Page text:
Carl Kasell, dead at 84

It’s hard to imagine there are any fans of public radio who aren’t gobsmacked by the death today of Carl Kasell, the longtime NPR announcer who also was a sidekick on the show “Wait, Wait Don’t Tell Me.”

For 30 years, he played it straight with the news until he retired in 2009

  1. Listen Kasell reflects on newscast career

    Nov 24, 2009 Carl Kasell talks with Cathy Wurzer after announcing his retirement from newscasts at NPR.

Personality, comedy, and the buttoned-down world of serious public radio were never really friends until Kasell proved you could be both a serious news person and funny.

He brought gravitas and goofiness, the Washington Post said in its tribute today.

Some NPR executives initially fretted that Mr. Kasell’s participation on a program that lampooned the news and public radio tropes would collide with the venerable anchor’s normally sedate on-air reputation.

But as Sagal once told The Washington Post, “Deep inside that serious newscaster persona was a huge piece of cured North Carolina ham.” (An amateur magician, Mr. Kasell once sawed NPR legal affairs correspondent Nina Totenberg in half.)

“Wait Wait” executive producer Doug Berman, known to credit-attuned listeners by his moniker, “The Subway Fugitive,” had been trying to cast the show when he heard Mr. Kasell field questions at a public radio conference. A woman asked what time Mr. Kasell woke to do his job.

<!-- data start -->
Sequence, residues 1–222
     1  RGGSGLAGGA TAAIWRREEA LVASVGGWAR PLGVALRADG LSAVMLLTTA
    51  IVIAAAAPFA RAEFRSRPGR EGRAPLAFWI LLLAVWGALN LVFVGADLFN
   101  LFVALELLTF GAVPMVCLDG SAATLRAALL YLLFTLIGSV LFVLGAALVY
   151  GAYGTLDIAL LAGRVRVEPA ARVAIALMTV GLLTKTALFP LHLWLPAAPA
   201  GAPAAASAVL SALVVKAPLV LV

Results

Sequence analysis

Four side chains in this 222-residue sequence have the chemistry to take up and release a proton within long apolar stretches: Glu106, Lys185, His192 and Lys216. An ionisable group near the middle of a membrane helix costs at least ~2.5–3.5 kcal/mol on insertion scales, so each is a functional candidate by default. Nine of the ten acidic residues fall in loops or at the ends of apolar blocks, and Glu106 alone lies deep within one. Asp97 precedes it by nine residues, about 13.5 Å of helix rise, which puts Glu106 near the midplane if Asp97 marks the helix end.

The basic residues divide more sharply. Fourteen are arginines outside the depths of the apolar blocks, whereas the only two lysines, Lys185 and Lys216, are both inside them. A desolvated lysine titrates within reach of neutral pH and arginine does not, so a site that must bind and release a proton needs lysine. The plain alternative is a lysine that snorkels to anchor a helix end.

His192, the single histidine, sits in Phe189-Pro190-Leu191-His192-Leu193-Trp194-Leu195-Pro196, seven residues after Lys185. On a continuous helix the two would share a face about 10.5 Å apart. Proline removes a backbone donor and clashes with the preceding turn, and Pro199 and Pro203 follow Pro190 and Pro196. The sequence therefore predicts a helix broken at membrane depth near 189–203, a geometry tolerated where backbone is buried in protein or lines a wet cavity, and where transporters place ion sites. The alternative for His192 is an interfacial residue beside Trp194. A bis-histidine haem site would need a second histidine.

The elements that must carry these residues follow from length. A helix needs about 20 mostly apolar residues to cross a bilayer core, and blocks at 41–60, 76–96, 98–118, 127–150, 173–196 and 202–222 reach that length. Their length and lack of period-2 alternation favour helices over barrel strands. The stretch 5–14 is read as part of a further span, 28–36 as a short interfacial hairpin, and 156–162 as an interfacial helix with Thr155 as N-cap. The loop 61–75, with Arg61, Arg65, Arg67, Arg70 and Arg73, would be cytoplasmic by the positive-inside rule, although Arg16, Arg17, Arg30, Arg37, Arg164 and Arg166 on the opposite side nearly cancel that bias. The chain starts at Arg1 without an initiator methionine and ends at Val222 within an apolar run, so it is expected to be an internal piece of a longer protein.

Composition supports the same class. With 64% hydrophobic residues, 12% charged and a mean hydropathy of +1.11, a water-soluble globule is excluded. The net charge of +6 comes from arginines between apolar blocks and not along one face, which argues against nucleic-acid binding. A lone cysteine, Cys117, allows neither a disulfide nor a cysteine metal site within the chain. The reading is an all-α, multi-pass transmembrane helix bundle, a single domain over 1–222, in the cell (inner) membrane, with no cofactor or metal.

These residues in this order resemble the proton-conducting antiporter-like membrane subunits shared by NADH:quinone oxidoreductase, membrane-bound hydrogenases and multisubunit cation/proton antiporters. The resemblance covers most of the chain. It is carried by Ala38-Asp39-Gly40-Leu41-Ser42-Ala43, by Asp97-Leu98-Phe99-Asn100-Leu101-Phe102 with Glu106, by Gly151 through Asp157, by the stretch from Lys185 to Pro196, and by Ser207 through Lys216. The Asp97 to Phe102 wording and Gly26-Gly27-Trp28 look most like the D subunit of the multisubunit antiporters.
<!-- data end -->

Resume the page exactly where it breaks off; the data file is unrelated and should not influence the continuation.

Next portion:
He stayed with Wait Wait until 2014.

“The greatest thing about Carl was anything we came up with, he was game,” Peter Sagal, the Wait Wait host said. “When we were in Las Vegas, we had him come onstage in a showgirl’s headdress. No matter what we asked him to do — silly voices, or weird stunts; we had him jump out of a cake once to make his entrance onstage — he did it [with] such joy and such dignity.”

Dignity. That’s why today’s news is even more upsetting and life’s unfairness infuriating. Kasell was denied his dignity because he had Alzheimer’s, perhaps the cruelest disease on the planet.

  1. Listen Midmorning Hour 2 for June 25, 2010

    Jun 25, 2010 Peter Sagal and Carl Kasell appeared on MPR’s Midmorning

  • MrE85

    Carl’s voice is now on God’s answering machine, I think.

    • ec99

      “God can’t come to the phone right now, please leave a message. In further news…”

  • Oh man, THAT’S why they stopped his voice on the answering machine.

    RIP Mr. Kasell

  • DotWonder

    absolutely gutted to hear this news. RIP Carl…

  • ec99

    I have the same empty feeling I got when Jim Ed died.

  • Zachary

    Dang. Him and Corey Flintoff were some of the first NPR (national – not the local station) voices that I remember from my early listening days. Truly gut-punching. Condolences to his family. He will be missed.

  • Angry Jonny

    Karl had, in my opinion, the ubiquitous NPR voice. There’s nothing more entertaining than hearing someone who has to play it straight cut loose and get goofy. Every indicator pointed to his sweetness as a human being. I could hear it in that voice.

  • Mike Worcester

    There are not many voices that can be labeled “iconic”. Mr. Kasell’s was one. I loved his cameo in The Game; made me smile broadly.

  • Jack Ungerleider

    Before I started listening to NPR I worked at the college radio station. Every so often when there was a major new story (we had a wire service “teletype” in the room outside the studio) we’d “rip and read” it on air. Even though I had no idea who Carl Kasell was at the time, I know now that his voice and delivery was the one I aspired to.

    While the world is poorer place now that he’s gone, at least we have the tapes.

  • boB from WA

    It’s HIS voice that I will always remember on 9/11/2001, announcing that an airplane had struck the WTC. I hope that someday I will again be able to hear that voice and be blessed to meet the man.